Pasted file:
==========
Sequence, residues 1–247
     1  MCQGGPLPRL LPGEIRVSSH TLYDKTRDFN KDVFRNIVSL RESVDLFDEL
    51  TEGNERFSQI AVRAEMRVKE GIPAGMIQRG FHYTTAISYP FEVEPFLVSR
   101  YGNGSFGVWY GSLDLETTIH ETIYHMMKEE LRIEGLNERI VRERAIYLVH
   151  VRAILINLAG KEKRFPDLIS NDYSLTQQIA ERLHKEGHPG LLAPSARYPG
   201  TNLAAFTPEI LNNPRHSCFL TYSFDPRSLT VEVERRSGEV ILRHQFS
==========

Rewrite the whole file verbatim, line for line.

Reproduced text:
Sequence, residues 1–247
     1  MCQGGPLPRL LPGEIRVSSH TLYDKTRDFN KDVFRNIVSL RESVDLFDEL
    51  TEGNERFSQI AVRAEMRVKE GIPAGMIQRG FHYTTAISYP FEVEPFLVSR
   101  YGNGSFGVWY GSLDLETTIH ETIYHMMKEE LRIEGLNERI VRERAIYLVH
   151  VRAILINLAG KEKRFPDLIS NDYSLTQQIA ERLHKEGHPG LLAPSARYPG
   201  TNLAAFTPEI LNNPRHSCFL TYSFDPRSLT VEVERRSGEV ILRHQFS